# Considering a circle to be an infinite sided n-gon

by acesuv
Tags: circle, infinite, ngon, sided
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P: 55
 Quote by gopher_p You use phrases like "into infinity" and "go on forever" in regards to the proposed limiting process that leads to what you're calling a regular polygon with infinite sides. This leads me to believe that the object that you're proposing has countably many sides, since the countable cardinal is the limit of the finite cardinals. I reckon you'd say that each side of your infinite-sided polygon has length 0, in which case the perimeter of your object must also be 0.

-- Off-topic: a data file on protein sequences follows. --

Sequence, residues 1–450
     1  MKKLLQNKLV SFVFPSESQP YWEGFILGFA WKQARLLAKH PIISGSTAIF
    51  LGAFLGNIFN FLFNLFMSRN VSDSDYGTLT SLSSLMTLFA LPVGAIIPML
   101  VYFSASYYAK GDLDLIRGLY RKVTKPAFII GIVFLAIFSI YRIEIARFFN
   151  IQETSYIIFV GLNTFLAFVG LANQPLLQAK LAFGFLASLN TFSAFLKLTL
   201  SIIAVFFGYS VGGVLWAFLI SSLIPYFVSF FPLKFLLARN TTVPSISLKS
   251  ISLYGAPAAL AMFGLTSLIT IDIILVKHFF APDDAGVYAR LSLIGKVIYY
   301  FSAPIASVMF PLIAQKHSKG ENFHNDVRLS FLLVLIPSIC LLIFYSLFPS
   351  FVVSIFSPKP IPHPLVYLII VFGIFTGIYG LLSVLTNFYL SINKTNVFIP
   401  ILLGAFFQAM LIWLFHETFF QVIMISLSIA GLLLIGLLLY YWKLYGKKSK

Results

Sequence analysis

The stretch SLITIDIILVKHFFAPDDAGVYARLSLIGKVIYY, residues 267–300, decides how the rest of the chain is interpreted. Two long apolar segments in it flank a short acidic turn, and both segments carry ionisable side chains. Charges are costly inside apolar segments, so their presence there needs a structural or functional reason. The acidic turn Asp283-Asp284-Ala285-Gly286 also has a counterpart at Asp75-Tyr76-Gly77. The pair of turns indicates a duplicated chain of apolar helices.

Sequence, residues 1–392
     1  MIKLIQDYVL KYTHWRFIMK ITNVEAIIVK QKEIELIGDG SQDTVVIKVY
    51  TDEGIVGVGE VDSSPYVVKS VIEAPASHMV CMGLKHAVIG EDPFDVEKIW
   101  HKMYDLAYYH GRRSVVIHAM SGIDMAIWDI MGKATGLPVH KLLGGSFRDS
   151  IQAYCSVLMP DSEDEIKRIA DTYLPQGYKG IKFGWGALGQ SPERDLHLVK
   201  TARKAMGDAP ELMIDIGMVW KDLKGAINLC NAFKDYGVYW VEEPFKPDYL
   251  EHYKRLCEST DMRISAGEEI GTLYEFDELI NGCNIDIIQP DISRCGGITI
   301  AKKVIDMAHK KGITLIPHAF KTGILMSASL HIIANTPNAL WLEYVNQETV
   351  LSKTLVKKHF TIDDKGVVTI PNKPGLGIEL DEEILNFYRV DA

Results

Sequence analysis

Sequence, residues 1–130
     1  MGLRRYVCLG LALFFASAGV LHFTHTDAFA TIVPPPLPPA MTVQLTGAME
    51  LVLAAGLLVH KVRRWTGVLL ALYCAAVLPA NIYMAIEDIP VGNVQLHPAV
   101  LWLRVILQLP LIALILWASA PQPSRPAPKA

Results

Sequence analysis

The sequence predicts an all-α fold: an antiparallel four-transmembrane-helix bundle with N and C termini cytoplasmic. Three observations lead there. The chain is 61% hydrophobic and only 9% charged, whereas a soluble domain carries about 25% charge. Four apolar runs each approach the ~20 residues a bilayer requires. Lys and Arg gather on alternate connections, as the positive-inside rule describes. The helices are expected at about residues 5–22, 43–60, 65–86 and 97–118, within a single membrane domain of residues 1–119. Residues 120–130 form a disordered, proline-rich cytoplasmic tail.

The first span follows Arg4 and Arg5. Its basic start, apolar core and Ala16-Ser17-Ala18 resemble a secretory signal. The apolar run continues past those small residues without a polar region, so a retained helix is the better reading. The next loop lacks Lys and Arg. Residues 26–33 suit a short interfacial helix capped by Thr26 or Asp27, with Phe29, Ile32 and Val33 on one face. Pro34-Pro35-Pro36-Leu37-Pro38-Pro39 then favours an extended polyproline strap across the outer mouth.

well, im no mathematician, but isnt side length 0.0000000000000000000000...1? everyone is saying 0 so i guess not :(. this is a good point i think it is in similar lines to the fact it seems like a circle must have 180 degree vertices if you consider it to have infinite points... right? because 180 degrees is the limiting factor (is that the right term?!) of the measure of the vertices of an n-gon
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P: 3,288
 Quote by acesuv well, im no mathematician, but isnt side length 0.0000000000000000000000...1?
Assuming the ... is intended to stand for infinitely many zeros, there is no such real number. It would have to be smaller than ##10^{-n}## for every positive integer ##n##, and the only nonnegative real number with this property is zero.
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P: 834
 Quote by acesuv it works if straight lines are infinitely small but nonzero :0 from what i figure like 0.00000000000000infinity1
The number you are talking about does not exist (as a real number) for the same reason that 0.99...=1.